Thursday, September 17, 2015

The patience of snakes

 It's snake weather again. Each year, our rattlers show several bursts of activity. One is beginning now at the end of the monsoon season after a few good soaking rains. Diamond Backs even have a second mating season in fall. So every evening Frodo, our snake barker, announces his sightings on and around the patio.

Yesterday I heard a loud buzz when the dogs were running up to get their dinner. A big Diamond Back was curled up in their path, looking somewhat annoyed, but sat quietly while the dogs were being fed 10 feet away and then let into the house. He then moved on, too. Go, get those packrats!

This morning we walked into the state land right next to our place, happy that for once we heard no 'puff puff puff' noise from the guns of dove hunters. But we aren't able to pay enough attention to two things at once. On the way back I nearly stepped on a curled-up Sidewinder with Randy's tracks firmly imprinted on both sides and Bilbo's nearly touching the snake's body. That had been very close.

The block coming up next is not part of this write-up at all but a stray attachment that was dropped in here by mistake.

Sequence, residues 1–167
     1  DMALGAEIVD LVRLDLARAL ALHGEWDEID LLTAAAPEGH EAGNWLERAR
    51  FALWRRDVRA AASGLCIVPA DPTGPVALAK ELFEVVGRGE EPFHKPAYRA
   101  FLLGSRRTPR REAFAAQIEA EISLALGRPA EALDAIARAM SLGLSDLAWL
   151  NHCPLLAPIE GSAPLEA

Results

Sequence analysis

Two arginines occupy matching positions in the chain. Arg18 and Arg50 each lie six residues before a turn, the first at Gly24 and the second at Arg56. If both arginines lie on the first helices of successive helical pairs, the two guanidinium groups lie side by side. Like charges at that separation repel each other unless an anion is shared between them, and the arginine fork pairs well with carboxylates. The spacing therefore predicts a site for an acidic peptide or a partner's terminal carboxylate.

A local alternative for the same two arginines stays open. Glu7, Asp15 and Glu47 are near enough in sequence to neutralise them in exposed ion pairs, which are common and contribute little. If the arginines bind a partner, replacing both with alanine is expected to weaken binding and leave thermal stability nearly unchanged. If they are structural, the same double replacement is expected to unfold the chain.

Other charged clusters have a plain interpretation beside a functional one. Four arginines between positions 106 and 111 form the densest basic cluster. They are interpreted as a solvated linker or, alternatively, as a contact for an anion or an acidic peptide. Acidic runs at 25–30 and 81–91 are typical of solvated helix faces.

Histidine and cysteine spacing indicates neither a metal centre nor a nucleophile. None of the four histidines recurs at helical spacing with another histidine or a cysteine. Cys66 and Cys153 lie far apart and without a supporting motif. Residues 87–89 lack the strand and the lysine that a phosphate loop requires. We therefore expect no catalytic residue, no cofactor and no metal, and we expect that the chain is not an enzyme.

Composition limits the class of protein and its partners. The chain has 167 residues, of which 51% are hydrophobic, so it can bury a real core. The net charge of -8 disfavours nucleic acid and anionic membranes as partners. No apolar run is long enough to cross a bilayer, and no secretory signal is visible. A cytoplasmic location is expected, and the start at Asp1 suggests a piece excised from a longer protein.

Temperatures in that sunny spot were approaching the nineties by then. Nevertheless, the snake was tightly curled up, snuggled in and keeping a low profile as only Sidewinders do. I thought that he'd soon be too warm, so he'd probably be close to moving on. I had not seen the 'side-winding' motion and was determined to make him demonstrate it. Camera in one hand and a thin, dry creosote branch in the other, I tried. Gently. No reaction.

A little more forceful. He acknowledged me with a flick of his tongue. I pushed the stick under him. He turned out to be much easier to flip than a pancake. I unraveled his coil, admired the small, perfect rattle, he just gave me a look.

I felt more and more guilty about disturbing his peace. I moved him back to his favorite spot, tucked him back in and rearranged his coils. Not quite right, he sighed and perfected it himself.

I apologized for disturbing him so rudely. I still haven't seen a Sidewinder side-wind. He dozed off for another hour or so.
This blog has links to 2 videos on flickr. Please click on the orange highlights in the text to see them. And trust me, while clumsy, I was gentle.


  1. You certainly have a love for animals of every kind. I enjoyed browsing your blogs. What got me here was I was trying to ID a Gecko living in my garage. Looking now to ID a bug. Sticky feet to say the least, and being in Arizona for 30 years, this is the first year I've ever seen one. (Actually 2 now). I'd like to know more about them. I have a pinterest picture of it at

    1. Please understand that I am not going to chase after a pinterest photo. If you have questions about insects from anywhere in the US, you can post them on where I am an editor and many experts are ready to help. If you are in the SW US, you can also join our FB group SW US Arthropods and post it there